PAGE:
Middle Madness: Control the Storm

We’ve navigated through the harsh waters of beginning your story… but that was really the calm before the storm.

The middle of your story is a bit of madness, but it should be. Your characters should be on their heroic journey (brought to you by your beginning) and be traveling through the plot you set before them. But how do you do this? How do you stay focused throughout the middle of your story to make sure you make it to the end?

Well, while I may not hold all of the answers to the universe, I do know a thing or to about writing the middle of a story.

It’s arguably the most difficult part of the story to write because you need to move towards the ending of the story without wrapping things up too early. I experience loads of writer’s block during this time, and you might too. But thankfully, there is a way to eliminate this writer’s block.

If you’ve taken my advice, you’ll have your brainstorm that you wrote before this novel that you can use at this time to give you various scenes to write in your middle.

In my mythology class we studied ‘The Hero’s Journey’ and the different steps that it goes through. We found that this journey was represented in many works, not just the Odyssey and other older works. Your novel may even follow the steps of ‘The Hero’s Journey’ as well. So something to think about in your novel is that your character will go through obstacles with matching solutions.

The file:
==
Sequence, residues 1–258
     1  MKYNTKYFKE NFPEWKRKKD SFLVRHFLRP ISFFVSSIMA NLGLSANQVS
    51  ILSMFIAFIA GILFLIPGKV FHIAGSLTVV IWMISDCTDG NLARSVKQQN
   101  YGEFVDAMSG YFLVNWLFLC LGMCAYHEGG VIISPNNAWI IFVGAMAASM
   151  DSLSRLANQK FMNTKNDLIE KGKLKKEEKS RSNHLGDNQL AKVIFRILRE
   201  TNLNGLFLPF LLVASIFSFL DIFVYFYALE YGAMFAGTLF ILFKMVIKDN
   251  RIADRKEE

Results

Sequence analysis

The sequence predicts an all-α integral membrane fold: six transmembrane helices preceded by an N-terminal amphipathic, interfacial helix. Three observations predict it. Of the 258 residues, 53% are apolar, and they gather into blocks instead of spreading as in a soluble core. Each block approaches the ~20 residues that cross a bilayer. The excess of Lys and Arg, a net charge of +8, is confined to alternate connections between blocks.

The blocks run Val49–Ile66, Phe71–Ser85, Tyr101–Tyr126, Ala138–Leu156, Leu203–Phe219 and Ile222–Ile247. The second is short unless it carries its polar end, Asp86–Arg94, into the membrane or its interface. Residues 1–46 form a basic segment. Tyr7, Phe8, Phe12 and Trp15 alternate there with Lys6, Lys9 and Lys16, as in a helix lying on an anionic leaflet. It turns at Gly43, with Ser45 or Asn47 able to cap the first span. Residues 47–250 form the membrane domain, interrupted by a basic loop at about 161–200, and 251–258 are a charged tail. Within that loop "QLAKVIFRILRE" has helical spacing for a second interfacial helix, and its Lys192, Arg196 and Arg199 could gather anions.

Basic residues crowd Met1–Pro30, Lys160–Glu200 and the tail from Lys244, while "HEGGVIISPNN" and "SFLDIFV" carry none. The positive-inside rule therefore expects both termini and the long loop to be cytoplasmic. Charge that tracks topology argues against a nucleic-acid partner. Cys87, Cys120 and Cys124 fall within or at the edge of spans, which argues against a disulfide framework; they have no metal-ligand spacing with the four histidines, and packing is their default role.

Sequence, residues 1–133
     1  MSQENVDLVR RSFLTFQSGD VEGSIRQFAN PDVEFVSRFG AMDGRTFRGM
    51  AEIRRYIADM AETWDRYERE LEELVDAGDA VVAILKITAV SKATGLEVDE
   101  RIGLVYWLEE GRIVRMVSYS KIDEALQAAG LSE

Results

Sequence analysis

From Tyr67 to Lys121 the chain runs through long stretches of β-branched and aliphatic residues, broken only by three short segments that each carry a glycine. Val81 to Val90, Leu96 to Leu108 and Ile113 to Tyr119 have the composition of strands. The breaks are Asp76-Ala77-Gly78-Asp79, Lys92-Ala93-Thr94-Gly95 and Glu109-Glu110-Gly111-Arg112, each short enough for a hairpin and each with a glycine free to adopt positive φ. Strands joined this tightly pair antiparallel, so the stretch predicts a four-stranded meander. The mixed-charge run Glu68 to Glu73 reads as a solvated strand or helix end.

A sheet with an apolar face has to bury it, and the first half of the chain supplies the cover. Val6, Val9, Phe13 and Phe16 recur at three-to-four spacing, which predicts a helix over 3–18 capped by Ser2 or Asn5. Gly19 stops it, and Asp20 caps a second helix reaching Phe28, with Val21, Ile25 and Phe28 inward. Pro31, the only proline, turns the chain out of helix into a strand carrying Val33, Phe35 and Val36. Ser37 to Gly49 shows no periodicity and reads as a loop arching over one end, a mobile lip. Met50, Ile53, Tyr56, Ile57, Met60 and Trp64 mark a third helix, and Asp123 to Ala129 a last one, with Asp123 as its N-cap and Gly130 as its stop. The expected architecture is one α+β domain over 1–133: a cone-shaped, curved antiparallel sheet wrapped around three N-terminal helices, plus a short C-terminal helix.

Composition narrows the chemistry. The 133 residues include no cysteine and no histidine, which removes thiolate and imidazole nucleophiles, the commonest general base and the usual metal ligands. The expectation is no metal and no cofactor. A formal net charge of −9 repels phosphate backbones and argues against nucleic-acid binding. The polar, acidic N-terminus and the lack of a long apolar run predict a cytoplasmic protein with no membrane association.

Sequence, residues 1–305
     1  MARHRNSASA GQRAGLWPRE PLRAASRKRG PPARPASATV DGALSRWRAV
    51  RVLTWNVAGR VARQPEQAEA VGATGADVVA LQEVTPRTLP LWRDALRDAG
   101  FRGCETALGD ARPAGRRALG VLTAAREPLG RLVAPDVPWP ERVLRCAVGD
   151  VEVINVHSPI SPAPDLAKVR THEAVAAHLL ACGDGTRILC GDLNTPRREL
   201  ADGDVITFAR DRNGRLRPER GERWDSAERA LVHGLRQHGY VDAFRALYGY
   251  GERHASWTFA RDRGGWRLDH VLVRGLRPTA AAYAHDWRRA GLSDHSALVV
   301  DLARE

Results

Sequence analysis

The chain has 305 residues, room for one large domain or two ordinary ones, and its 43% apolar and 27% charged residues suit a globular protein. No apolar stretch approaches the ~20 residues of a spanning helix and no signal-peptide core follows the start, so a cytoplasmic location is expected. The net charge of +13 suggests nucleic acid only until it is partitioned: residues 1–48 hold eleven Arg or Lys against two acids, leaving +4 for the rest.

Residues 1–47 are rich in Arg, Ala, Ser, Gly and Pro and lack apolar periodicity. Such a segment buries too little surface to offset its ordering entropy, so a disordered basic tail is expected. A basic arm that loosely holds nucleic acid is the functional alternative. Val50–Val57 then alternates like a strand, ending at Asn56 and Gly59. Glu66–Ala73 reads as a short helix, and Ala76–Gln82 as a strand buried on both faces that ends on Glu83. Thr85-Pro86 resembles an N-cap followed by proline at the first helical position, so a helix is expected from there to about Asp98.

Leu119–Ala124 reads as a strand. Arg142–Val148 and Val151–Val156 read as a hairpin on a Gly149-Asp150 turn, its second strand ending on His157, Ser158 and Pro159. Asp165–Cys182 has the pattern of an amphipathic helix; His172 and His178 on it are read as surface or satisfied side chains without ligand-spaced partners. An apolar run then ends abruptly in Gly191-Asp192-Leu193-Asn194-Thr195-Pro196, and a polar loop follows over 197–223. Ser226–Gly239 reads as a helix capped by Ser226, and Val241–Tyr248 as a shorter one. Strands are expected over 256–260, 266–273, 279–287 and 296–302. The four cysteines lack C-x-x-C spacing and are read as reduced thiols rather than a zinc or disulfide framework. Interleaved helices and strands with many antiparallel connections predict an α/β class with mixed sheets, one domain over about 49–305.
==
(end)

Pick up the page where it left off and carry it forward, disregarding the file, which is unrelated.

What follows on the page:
Present your heroes with problems and then add your ‘solution’ content. You’ll find this to be easier to find things to write about when you think of it being problems/obstacles for your hero to travel through.

Anyways… all of this is leading up to our main topic in this discussion. To contain your middle in ‘Middle Madness’ you need to keep your content on track to set you up for a nice-flowing-cohesive novel. Yes, a lot of events will (or should) take place in the middle of your novel, but they shouldn’t remind you of a tornado.

Subplots are an excellent tool to integrate into your novel, and they can be greatly utilized in the middle. However, don’t begin too many subplots just because you want to introduce new content right away. Finish at least one of your subplots before beginning a new one.

A useful factor about subplots is that they can carry you and your novel right into the end. So whip up a few subplots that contain problems and solutions and you’ll be set to cruise through your own version of ‘Middle Madness’.

 

 

Happy Writing!

-Kate

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